In several instances, PP2A-B56 interacts with substrate specifiers in a manner regulated by phosphorylation of neighboring sites flanking the LxxIxE motif to allow crosstalk between kinases and phosphatases20. The LxxIxE motif of BRCA2 is surrounded by three fully conserved SQ/TQ sites (Fig. 1b, Supplementary Data 1), which are putative consensus phosphorylation sites for the DNA damage response kinases14. To validate these phosphorylation sites, we raised phospho-specific antibodies against the first and the last phosphorylation site, S1106 and T1128 (Fig. 3a, Supplementary Fig. 4a-b for antibody validation). For the S1106 phosphorylation site, the antigen included phosphorylation of T1104, which is a putative CDK site. We found that both phosphorylation of T1104/S1106 and T1128 are stimulated by CPT-induced DNA damage in S-phase (Fig. 3b). Inhibition of ATM and to a lesser extent ATR kinase reduced the phosphorylation, while inhibition of both fully abrogated it (Fig. 3b, Supplementary Fig. 4c). To dissect the kinetics of BRCA2 phosphorylation in a more synchronous model system, we turned to Xenopus egg extracts, taking advantage of the evolutionary conservation of the region surrounding T1128 (X. laevis T1196) (Fig. 3a), which allowed us to use the antibody raised against human BRCA2 pT1128. In this system, addition of a linearized DSB-containing plasmid, but not an intact circular one, resulted in rapid ATM-dependent BRCA2 T1196 phosphorylation (Supplementary Fig. 4d-e), which could also be detected on resected linearized DNA (Supplementary Fig. 4f). Likewise, during the replication-coupled repair of a cisplatin ICL containing plasmid41, T1196 was phosphorylated at the time of DSB formation (Fig. 3c). Collectively, these results demonstrate that the SQ/TQ sites in BRCA2 flanking the LxxIxE motif are phosphorylated by ATM and ATR in response to DSBs.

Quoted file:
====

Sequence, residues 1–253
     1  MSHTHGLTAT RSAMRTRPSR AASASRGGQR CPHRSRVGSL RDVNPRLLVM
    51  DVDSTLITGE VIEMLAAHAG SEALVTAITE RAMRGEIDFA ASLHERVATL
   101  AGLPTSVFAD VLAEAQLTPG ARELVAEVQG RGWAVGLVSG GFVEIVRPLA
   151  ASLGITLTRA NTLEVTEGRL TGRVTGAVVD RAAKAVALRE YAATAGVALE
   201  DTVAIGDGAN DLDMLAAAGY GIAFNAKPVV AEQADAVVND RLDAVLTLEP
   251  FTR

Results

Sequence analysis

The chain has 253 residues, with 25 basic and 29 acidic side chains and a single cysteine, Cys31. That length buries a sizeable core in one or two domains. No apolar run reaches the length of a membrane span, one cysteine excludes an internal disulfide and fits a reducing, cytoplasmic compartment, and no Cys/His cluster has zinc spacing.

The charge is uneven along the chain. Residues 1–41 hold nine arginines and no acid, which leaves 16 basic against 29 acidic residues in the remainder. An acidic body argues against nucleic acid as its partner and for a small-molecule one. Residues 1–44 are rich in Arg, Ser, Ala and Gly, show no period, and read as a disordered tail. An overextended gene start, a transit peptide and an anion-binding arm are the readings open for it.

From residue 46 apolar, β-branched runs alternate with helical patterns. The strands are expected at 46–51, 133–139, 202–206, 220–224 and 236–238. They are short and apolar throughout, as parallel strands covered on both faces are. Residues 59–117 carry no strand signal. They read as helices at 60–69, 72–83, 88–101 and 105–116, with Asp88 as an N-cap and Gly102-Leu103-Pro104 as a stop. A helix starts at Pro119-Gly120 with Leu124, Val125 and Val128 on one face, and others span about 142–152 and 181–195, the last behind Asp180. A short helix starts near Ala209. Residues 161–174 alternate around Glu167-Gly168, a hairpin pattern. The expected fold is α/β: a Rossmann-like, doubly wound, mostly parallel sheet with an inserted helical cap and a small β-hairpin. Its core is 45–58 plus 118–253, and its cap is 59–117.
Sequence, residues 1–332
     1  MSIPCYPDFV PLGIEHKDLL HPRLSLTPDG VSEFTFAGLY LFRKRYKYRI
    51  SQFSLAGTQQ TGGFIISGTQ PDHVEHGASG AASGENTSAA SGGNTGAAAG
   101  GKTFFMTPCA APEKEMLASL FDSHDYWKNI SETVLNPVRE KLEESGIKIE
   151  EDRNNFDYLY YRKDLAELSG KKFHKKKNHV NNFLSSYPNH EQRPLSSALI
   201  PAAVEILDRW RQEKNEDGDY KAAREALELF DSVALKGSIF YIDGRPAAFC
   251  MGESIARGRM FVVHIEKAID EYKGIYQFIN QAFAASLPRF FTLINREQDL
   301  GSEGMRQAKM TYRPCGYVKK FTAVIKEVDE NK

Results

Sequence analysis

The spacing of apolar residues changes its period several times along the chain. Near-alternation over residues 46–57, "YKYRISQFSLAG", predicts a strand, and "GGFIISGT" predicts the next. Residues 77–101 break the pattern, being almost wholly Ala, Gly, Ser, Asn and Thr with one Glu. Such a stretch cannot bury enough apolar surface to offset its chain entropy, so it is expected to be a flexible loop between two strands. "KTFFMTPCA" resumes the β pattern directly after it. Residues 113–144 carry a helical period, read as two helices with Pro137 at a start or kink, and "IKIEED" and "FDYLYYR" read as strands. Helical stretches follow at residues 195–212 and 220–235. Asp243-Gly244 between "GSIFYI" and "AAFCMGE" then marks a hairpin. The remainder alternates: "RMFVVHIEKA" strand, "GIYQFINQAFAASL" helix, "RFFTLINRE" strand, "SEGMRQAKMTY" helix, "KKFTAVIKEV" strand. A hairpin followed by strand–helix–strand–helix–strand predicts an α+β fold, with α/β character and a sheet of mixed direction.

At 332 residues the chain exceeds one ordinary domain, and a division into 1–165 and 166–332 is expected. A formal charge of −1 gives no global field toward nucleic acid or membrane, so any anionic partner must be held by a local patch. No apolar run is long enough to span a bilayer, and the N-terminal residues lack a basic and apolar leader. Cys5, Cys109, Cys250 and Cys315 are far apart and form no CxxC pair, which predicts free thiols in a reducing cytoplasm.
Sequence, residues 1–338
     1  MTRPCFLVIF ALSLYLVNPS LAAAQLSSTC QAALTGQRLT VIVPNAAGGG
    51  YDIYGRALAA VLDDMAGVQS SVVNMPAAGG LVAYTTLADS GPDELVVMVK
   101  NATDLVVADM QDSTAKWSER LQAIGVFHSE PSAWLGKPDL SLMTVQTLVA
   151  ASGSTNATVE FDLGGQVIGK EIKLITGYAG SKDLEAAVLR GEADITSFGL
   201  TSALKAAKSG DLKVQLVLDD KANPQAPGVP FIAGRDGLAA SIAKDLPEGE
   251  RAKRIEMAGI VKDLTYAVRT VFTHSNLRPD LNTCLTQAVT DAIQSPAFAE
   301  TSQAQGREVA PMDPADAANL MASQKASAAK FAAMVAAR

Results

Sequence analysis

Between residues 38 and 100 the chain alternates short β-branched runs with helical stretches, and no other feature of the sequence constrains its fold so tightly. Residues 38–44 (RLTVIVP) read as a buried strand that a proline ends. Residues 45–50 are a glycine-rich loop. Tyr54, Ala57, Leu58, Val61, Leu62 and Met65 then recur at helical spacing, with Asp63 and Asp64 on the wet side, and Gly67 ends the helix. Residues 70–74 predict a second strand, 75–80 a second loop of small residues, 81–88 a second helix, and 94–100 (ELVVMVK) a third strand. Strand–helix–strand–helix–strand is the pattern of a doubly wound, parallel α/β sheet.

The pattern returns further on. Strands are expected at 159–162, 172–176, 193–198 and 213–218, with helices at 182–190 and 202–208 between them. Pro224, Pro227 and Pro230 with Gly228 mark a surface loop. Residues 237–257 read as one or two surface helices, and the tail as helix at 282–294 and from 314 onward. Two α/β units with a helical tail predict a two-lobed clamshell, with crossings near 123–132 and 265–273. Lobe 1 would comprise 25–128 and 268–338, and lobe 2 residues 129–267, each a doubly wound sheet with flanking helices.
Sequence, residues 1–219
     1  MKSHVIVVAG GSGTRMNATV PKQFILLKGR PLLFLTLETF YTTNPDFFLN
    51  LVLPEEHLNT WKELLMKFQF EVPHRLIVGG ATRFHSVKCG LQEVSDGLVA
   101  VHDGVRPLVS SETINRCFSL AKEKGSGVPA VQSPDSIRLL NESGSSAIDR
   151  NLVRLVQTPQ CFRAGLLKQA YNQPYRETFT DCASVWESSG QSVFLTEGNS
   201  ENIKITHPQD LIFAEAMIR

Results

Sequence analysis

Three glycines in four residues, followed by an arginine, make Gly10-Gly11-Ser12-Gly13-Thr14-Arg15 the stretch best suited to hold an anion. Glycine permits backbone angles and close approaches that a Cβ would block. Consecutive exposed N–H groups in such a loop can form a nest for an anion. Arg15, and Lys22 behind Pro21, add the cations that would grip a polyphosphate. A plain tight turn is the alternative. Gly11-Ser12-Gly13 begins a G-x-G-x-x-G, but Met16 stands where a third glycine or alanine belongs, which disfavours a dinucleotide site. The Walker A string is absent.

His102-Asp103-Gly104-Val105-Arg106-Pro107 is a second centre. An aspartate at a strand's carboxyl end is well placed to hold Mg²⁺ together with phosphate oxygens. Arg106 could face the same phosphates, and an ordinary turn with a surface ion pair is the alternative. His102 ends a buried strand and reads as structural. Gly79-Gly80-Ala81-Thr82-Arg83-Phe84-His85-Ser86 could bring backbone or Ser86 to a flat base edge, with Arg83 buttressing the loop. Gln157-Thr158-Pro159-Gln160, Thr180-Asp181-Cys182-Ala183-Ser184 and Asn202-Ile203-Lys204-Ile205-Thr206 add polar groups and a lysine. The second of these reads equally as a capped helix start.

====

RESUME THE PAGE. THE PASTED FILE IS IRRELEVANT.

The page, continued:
Next, to directly assess whether phosphorylation of these sites affects the binding to PP2A-B56, we measured the binding affinities between B56 and various phosphorylated BRCA2 peptides by ITC (Fig. 3d, Supplementary Fig. 5). Phosphorylation of S1123 and S1128 increased the binding affinity four and two fold, respectively, while the double phosphorylated peptide (S1123/S1128) had an eight-fold increase in binding affinity. In contrast, phosphorylation of S1106 slightly weakened the interaction.
To investigate how the phosphorylation status of BRCA2 affects PP2A-B56 binding in cells, we constructed mutants of BRCA2 with all three SQ/TQ sites mutated to AQ or DQ (referred to as BRCA2 3AQ and 3DQ), constituting unphosphorylated and phosphorylation-mimetic versions of the protein, respectively (Fig. 3a). We observed that Myc-BRCA21001–1255 3AQ co-purified less with Venus-B56γ than Myc-BRCA21001–1255 WT, whereas Myc-BRCA21001–1255 3DQ co-purified more with Venus-B56γ in immunoprecipitation assays (Fig. 3e), consistent with a two-fold increase in binding affinity of a 3DQ peptide measured by ITC (Fig. 3d). Our results argue that collectively these phosphorylations stimulate BRCA2 binding to PP2A-B56 in cells.
Next, to address whether these phosphorylation sites are important for the function of BRCA2, we investigated the viability, DNA damage tolerance and RAD51 focus formation of cells expressing BRCA2 3AQ and 3DQ in our RNAi and complementation system in U2OS Flp-In T-REx cells (Fig. 3f-j, Supplementary Fig. 2b-c). Expression of both BRCA2 3AQ and 3DQ resulted in decreased viability and MMC hypersensitivity compared to BRCA2 WT (Fig. 3f-g), suggesting that dynamic phosphorylation of these sites is required for full BRCA2 functionality. However, while expression of BRCA2 3AQ led to CPT and Olaparib hypersensitivity and a reduction in RAD51 foci, BRCA2 3DQ was indistinguishable from BRCA2 WT in these assays (Fig. 3h-j). This indicates that BRCA2 3DQ, which can bind PP2A-B56 (Fig. 3d-e), supports some aspects of BRCA2 functionality including the ability to form RAD51 filaments at sites of DNA damage. In contrast, BRCA2 3AQ phenocopies BRCA2 2A (Fig. 2), consistent with its deficient PP2A-B56 binding (Fig. 3d-e).
Collectively, these results show that in response to DSBs, ATM, and ATR kinases phosphorylate conserved sites in BRCA2 flanking the LxxIxE motif, which in turn stimulate the formation of the BRCA2-PP2A-B56 complex.
BRCA2 cancer mutations deregulate the PP2A-B56 interaction